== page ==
In a release issued by its Media and Publications Officer, Toyin Odofin on behalf of the Executive Chairman of the Centre, Debo Adeniran stated “it is not enough for the Committee of the House of Representatives on abandoned projects which was awarded by the NDDC to investigate and bring to book the looters of such funds, but also with the support of the anti-graft agency that establishes an independent Corrupt Practices and other related offences Commission vesting it with the responsibility for investigation and prosecution of offenders thereof.

The report has it that, the Committee has urged the NDDC to recover N61.4 billion from contractors who abandoned sites ‎and another N5.8 billion alleged excess payment to others as discovered in a preliminary report of the investigation by the committee. According to the committee chairman, over 600 contractors were dubiously awarded contracts by the NDDC across the states of jurisdiction. Also, one of the officials told ‎NDDC that the lawmakers that 49 of the contracts awarded across the Niger Delta region were terminated and 342 others stalled. CACOL as an anti-corruption and transparency organization with total disdain for any corruptive acts, especially by government officials directly or through proxies, agencies or their representatives, believes that these allegations and the amount involved is weighty enough to attract the interest and intervention of relevant anti-graft agencies in the country, with a view to investigating and redressing the anomalies, where relevant.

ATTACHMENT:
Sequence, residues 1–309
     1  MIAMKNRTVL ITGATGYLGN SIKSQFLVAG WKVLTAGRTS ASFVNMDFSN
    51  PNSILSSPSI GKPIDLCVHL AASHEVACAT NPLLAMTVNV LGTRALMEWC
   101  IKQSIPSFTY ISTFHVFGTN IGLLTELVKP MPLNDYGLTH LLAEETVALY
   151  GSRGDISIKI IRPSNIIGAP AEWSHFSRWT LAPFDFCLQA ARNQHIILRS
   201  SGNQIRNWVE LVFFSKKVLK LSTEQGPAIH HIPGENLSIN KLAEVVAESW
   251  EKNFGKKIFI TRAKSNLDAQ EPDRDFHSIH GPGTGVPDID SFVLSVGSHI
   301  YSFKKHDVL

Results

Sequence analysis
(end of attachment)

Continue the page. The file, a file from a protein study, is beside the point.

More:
However, it is on this note that the Committee’s chairman revealed that the Commission, apart from engaging in questionable dealings, lacked effective control mechanism in the award of contract and project finance which led to flagrant abuse of due process. Also, it was discovered that the commission’s approved budgets from 2008 to 2018 stood at N2,832,611,325,966; and the total receipts, N1,848,774,602,103.

The CACOL boss added, “Considering the monumental woes and destruction corruption has wreaked on Nigeria till date, no stone should be left unturned in beaming searchlight wherever the scourge bares its fangs, irrespective of whoever is involved. This is why we are using this medium to call on the anti-graft agency, ICPC to, as a matter of urgency and national interest, wade in and bring whoever is culpable in depriving the Niger Delta people of the
needed development by short-changing them through the NDDC to book without much ado so as to serve as a deterrent to others.”